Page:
Last week I finally realized that the heat wave wasn’t going away because it is actually summer and it is supposed to be hot. I am a winter person who would be happy if it never went above 72 degrees.
Wednesday night I pulled open my freezer drawer and looked around. I found a package of frozen ground pork. Hmm… what to do with this? Meatloaf? nah – I have one frozen – ready to go. Another time.
I looked in the fridge. I have 1 roll of pie crust, having used the other one for a Quiche a while back. I had some mushrooms. Onions.
I see a plan for Thursday night’s dinner coming together.
Pork Pie! Now there is one you don’t see too often on the family menu and certainly not in mid-July! But why not! Besides there was nothing else calling out to me and I am all burger’d and dog’ed out for the moment.
Meat pies have a long culinary history. Many countries have versions. (You can google that!) but here is an interesting tidbit I found that will save you the trouble…
The first pies, called “coffins” or “coffyns” (the word actually meant a basket or box) were savory meat pies with the crusts or pastry being tall, straight-sided with sealed-on floors and lids. Open-crust pastry (no tops or lids) were known as “traps.” These pies held assorted meats and sauce components and were baked more like a modern casserole with no pan (the crust itself was the pan, its pastry tough and inedible). These crusts were often made several inches thick to withstand many hours of baking.
Okay who would want to eat that pie!
What separates a Canadian pork pie from any old meat pie?
Cinnamon, nutmeg and allspice. Most recipes involve some amount of at least 2 of those. Without those spices you would just have a very plain meat loaf trapped in a pie!
My Aunt Yvonne and my “Aunt” Lucille all had recipes. More recently, I have been soliciting recipes for a family cookbook and I received a pork pie recipe to add in. From poking around my family, other people’s families and the internet I learned there are many variations. (Obviously right?) Most were made with pork, some with beef and some with a combo. All “stretch” the meat by adding either cooked/mashed potato or breadcrumbs. All variations I have seen are double crust.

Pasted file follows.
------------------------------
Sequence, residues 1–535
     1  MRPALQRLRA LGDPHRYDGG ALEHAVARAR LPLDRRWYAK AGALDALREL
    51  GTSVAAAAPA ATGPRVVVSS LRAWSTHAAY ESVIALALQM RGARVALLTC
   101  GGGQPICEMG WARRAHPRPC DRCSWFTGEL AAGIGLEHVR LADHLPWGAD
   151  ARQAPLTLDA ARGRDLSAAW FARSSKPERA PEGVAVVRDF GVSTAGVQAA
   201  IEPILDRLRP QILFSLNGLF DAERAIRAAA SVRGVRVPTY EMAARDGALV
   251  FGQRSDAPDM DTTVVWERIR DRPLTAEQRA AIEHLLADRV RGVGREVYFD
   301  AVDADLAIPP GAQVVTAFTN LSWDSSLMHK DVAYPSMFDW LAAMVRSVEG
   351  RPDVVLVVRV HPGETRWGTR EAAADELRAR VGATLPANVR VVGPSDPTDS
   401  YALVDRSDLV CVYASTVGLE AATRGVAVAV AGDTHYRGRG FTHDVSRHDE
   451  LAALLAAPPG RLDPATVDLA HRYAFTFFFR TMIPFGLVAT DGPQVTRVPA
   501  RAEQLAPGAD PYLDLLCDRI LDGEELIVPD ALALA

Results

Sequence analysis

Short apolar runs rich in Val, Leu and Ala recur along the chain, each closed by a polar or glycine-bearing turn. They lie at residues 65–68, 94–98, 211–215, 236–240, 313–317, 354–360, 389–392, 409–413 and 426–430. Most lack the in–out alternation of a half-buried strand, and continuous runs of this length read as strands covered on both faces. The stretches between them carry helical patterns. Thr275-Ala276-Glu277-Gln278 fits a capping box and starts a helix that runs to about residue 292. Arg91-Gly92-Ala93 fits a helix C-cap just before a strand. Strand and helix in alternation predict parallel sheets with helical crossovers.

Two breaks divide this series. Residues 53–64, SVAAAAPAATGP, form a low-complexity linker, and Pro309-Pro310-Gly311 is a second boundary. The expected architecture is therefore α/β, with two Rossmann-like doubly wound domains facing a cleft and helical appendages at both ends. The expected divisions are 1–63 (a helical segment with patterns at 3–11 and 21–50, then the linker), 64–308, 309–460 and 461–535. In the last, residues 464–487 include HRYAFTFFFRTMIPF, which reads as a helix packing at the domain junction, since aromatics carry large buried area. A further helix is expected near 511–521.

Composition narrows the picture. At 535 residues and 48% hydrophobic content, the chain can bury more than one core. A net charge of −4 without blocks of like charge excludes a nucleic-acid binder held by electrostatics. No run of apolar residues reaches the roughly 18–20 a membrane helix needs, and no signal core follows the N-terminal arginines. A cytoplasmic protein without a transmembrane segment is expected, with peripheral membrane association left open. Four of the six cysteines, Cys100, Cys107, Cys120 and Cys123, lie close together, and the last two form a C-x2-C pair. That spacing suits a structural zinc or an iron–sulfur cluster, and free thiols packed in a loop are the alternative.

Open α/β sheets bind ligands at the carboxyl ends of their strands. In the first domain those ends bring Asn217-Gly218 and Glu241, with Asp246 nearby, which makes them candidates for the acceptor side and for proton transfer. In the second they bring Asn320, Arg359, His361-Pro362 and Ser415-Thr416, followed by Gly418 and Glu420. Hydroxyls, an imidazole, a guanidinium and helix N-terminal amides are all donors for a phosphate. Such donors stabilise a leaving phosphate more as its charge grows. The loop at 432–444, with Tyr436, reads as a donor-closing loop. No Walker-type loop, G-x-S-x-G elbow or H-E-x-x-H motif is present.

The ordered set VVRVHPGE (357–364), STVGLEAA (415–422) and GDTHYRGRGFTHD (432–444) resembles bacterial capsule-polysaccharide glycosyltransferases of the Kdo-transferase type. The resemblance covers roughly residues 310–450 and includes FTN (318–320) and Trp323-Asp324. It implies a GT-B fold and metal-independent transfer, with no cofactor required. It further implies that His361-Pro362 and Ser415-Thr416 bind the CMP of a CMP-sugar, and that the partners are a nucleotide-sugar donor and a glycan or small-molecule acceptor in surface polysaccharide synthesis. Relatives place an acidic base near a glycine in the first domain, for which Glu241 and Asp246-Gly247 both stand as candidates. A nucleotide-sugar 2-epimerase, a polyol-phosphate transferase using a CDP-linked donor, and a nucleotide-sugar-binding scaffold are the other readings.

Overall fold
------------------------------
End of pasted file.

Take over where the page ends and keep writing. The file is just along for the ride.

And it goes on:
The Recipe: Here is how I made Thursday’s cabinet stew….
1 1/4 lb ground pork, 1 med onion chopped, 1 tb unsalted butter, 4 ounces button mushrooms rough chopped, 1/2 tsp cinnamon, 1/2 nutmeg, ( I didn’t have any allspice that I could find at least) 2 tb Worcestershire sauce, 3 potatoes boiled and mashed, salt and pepper to taste. One pre-made pie crust – rolled and inserted into a glass 9″ pie plate.
“Dock” the crust and pre-bake it 8 mins in a hot 425 degree oven. Take crust out and turn down oven to 375 degrees. Add butter, onion and mushrooms to saute pan. Brown on med-high heat for about 4-5 mins. Add the spices and let them kinda “toast” for a minute in the high heat of the pan mixed in with the onions and mushrooms. Add the pork and finish browning everything together. Pork these days is very lean so you won’t need to “drain any grease off” – but if you feel you must, then go ahead and do it now. Don’t overcook. Meaning the pork should be brown but not dry; as you are going to bake it again in the oven anyway. Add Worcestershire sauce. Mix well and add to the partially baked crust bottom.
Normally you would add in the cooked, mashed plain potatoes before putting mix in the bottom crust but I didn’t have a top crust so I decided to make the mashed potato the topping – Shepard’s pie style! I used 3 potatoes because I wanted a nice fluffy top – if you were doing a crust top then just mash in 1-2 medium cooked potatoes to the meat mix before filling the crust.
Sprinkle plenty of paprika on top and dot with butter. I also mixed in a tiny bit of Lawry’s seasoned salt into the mashed potatoes because I can’t leave well enough alone.
Bake 30 mins – cool slightly before serving. Nice with green salad or vegetables such as brussels sprouts. All the pork pie I have eaten was served with gravy.
Also note: this can absolutely be made with ground beef!